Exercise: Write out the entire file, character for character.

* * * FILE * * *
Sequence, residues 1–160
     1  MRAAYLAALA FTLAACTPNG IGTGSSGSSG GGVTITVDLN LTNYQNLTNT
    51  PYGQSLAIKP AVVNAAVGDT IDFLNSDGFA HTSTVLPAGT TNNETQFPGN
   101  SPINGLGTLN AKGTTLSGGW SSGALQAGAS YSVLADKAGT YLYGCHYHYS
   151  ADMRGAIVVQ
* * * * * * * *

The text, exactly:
Sequence, residues 1–160
     1  MRAAYLAALA FTLAACTPNG IGTGSSGSSG GGVTITVDLN LTNYQNLTNT
    51  PYGQSLAIKP AVVNAAVGDT IDFLNSDGFA HTSTVLPAGT TNNETQFPGN
   101  SPINGLGTLN AKGTTLSGGW SSGALQAGAS YSVLADKAGT YLYGCHYHYS
   151  ADMRGAIVVQ